More and more research is showing, if you want to build a sustainable winner in the NBA you need to do it on draft day.
Look at the teams still playing. Miami had to draft Dwyane Wade, which made it possible to bring in Shaq to get them one title (and LeBron James doesn’t come there without Wade). The Thunder are an obvious and easy example with Kevin Durant, Russell Westbrook and James Harden all drafted by the franchise. The Spurs not only drafted Tim Duncan and Tony Parker, they found Manu Ginobili late in the second round and have rebuilt their roster with youth through the draft. The Lakers drafted Andrew Bynum and made a draft-day trade to get Kobe Bryant. Boston drafted Paul Pierce and Rajon Rondo.
Orlando drafted Dwight Howard in 2004 and that set the tone for the past seven years, including one trip to the finals. But what they have done since then to build a team through free agency and not the draft has left them in a bind this summer, scrambling to find a trading partner to get a big piece to go next to Howard (good luck with that) or maybe having to move Howard.
Why don’t they have the pieces. Look at their draft since 2004: First rounders are Fran Vazquez (11 overall), J.J. Redick (11), Courtney Lee (22) and Daniel Orton (29). That’s just four first round picks in seven years and only one who panned out for them (Redick, although Lee had moments). The second rounders are all misses. By the way, who was drafted after Orton in 2010? Landry Fields, Devin Ebanks, Jerome Jordan, Luke Harangody and Jeremy Evans (not rock stars, but guys who might contribute).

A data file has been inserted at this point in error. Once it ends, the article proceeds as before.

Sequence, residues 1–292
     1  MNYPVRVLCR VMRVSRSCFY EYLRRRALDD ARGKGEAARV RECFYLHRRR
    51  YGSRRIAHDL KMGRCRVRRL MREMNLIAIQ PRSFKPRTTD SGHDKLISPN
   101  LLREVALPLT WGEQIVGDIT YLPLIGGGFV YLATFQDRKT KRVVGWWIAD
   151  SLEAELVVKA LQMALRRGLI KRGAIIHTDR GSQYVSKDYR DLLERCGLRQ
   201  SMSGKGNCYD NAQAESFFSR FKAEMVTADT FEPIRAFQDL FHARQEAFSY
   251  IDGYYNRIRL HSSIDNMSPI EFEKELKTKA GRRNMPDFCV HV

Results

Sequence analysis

Why the problem? Alex Kennedy has details at Hoopsworld that should make the stomachs of Magic fans turn (read the whole post about what the Magic need to do next).
The main reason that Orlando hasn’t been able to draft contributors is because they don’t put much time or effort into the pre-draft process.
When Orlando drafted Orton, they hadn’t seen him work out in person. Nearly every other team in the league had witnessed Orton struggle in workouts and knew of his knee issues. The Magic selected him sight unseen, and Orton isn’t the exception. Justin Harper had never met or interviewed with Orlando before they traded for his draft rights last year.
Rival executives openly joke about the Magic’s approach to the pre-draft process. Most teams interview and work out everyone on their draft board. Some teams will even bring in a player multiple times to make sure they have a good read on his personality and game. The Magic’s lack of preparation has hurt them and a new regime must have a better approach to the draft.
You can expect the Magic to deny the report in 5…4…3…
Whatever happens with Howard, Jameer Nelson and the rest of the circus this year, the change in the approach by the new regime is key. (We say that like it’s going to happen because we don’t imagine both coach Stan Van Gundy and GM Otis Smith lasting much longer.) If you are going to win and stay on top, you do it through the draft. It is how good teams stay on top.